DARKE COUNTY — A 2015 Guttmacher Institute report shows that in 2010, 55 percent (109,00) of all pregnancies in Ohio were unintended.
The report shows the following data concerning public cost of unintended pregnancy in the state in 2010: 44,800 or 68.7 percent of unplanned births were publicly funded, compared with 68 percent nationally; federal and state governments spent $824.6 million on unintended pregnancies; of this, $605.8 million was paid by the federal government and $218.8 million was paid by the state; the total public costs for unintended pregnancies in 2010 was $369 per woman, aged 15–44 in Ohio, compared with $201 per woman nationally.
Making contraception more accessible is one way to reduce unintended pregnancies, according to the American Congress of Obstetricians and Gynecologists (ACOG). The most effective way to reduce abortion rates is to prevent unintended pregnancy by improving access to consistent, effective, and affordable contraception, the ACOG said.
According to the Guttmacher report, as of 2015, out of the 88 counties in Ohio, only 20 of them meet the needs of their populations. Sixty counties had only two or less publicly funded clinics, which includes: federally qualified health centers, hospital-based clinics and Planned Parenthood clinics, according to the National Campaign.org
The Guttmacher report shows that Darke County has four publicly funded clinics and they are federally qualified health centers. According to a U.S. Census, in 2010, Darke County had an estimated population of 52,962 with 50 percent being female and about 9,000 of those between the ages of 15 to 44.
Hans Gangeskar, ceo and co-founder of Nurx, a telemedicine start-up based in San Francisco, said research shows the easier and more affordable birth control is, the more women will use it. In response, Nurx focused on making birth control and Pre-exposure prophylaxis (PrEP) more accessible to everyone through an app, launched November 27.
“Nurx’s birth control app makes this a reality, by reducing the barriers to access often times at little or no cost to the patient,” Gangeskar said.
With the app, users can get a prescription from a doctor and have their medication delivered to their door, according to Nurx. After choosing their birth control type and brand, users answer medical questions online, and then enter their shipping and insurance information for a licensed physician to review. Once an online review is complete, the doctor will issue and fill the prescription, which will be delivered to their home, according to Nurx’s Medical Director Dr. Jessica Knox, of San Francisco, California.
Nurx has three providers licensed in Ohio, with more pending approval, directed by Dr. Knox. In addition to Knox, those providers include Dr. Nancy Shannon and Dr. Anne Chung. Knox said that women should not have to jump through unnecessary hoops just to access birth control.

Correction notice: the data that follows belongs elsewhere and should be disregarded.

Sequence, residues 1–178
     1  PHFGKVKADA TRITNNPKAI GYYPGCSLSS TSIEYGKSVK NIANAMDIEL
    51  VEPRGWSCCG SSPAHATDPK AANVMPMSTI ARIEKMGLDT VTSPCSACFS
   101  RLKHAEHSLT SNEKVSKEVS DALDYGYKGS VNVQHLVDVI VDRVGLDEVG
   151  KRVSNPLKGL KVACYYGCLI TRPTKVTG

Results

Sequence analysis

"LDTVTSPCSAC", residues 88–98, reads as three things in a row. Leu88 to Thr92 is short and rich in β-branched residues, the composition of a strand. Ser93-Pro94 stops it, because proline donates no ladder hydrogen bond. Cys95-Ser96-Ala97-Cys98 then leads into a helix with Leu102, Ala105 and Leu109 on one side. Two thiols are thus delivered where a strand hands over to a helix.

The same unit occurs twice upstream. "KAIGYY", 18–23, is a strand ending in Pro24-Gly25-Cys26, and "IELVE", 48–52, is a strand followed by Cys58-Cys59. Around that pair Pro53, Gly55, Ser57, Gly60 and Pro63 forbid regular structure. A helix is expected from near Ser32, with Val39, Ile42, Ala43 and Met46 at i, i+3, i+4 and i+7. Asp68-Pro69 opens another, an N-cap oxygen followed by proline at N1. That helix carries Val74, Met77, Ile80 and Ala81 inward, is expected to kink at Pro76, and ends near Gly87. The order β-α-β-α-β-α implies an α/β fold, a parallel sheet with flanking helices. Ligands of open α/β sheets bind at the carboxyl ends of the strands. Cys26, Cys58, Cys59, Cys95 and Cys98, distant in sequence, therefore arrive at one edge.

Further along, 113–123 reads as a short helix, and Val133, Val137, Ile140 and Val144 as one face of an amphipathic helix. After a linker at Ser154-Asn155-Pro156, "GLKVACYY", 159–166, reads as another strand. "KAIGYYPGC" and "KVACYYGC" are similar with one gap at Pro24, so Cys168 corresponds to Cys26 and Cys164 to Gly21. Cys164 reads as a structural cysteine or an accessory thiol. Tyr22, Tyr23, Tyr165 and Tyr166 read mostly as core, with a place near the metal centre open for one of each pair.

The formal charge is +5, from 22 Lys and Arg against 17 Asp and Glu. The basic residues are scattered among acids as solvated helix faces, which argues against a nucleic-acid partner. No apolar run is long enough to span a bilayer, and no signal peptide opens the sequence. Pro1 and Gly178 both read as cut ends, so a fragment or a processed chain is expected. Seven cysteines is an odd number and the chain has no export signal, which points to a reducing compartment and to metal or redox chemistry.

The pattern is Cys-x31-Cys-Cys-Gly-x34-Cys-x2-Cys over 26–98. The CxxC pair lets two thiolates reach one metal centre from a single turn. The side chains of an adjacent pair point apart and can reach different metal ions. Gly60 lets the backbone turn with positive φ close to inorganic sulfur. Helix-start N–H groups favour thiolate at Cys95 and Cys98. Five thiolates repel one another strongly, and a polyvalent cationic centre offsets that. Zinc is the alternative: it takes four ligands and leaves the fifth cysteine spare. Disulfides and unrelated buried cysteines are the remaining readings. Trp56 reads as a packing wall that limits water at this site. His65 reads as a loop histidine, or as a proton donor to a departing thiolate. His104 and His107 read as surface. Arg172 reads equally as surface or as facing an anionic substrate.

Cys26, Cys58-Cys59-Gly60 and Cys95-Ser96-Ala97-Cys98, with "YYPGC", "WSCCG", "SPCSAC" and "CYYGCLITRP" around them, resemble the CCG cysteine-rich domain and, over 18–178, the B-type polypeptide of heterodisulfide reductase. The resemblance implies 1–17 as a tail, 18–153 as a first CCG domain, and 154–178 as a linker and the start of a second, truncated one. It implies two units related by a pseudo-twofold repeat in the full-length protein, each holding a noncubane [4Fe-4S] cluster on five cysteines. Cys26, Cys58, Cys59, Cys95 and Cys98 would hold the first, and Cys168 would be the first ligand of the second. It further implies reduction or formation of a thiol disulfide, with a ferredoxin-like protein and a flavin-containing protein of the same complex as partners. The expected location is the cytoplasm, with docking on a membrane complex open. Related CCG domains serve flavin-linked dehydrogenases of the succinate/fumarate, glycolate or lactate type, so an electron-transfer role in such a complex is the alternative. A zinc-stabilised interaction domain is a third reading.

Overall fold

“The (birth control) pill remains available by prescription only throughout the United States today, but with our app, we’re making birth control more accessible than ever,” she said. “We are making access easier, but we are not doing it by cutting corners. When you visit our website and take our survey, we are asking many of the questions doctors are asking at their offices. But many times we are asking questions they are not asking at doctor’s offices. Our service is completely adherent to the Centers for Disease Control guidelines for prescribing birth control. We are working to improve access to birth control, but in a safe way that people can feel comfortable about.”
Knox added that some patients are fully on board with the app and some are more skeptical, as they want to be sure they are doing something safe online.
“I tell them to go to the state’s medical and pharmacy boards’ websites to look up our providers for verification,” she said.
Dr. Knox said, in addition to providing prescriptions and help choosing the prescriptions, Nurx provides ongoing follow up counseling for its patients, including questions about medications, or sexual health.
“A lot of people are more comfortable asking questions through messages and through our platform,” Knox said. “We offer a lot of education in addition to the prescriptions being delivered.”
According to Nurx, the app is available in Ohio, Indiana, Texas, California, New York, Washington state, Pennsylvania, Illinois, Virginia, Florida, Missouri, Michigan, Minnesota and the District of Columbia. Nurx also plans to expand to more than 20 states in the coming weeks. For more information, visit Nurx.com.
The writer may be reached at 937-569-4354. Join the conversation and get updates on Facebook search Darke County Sports or Advocate 360. For more features online go to dailyadvocate.com.
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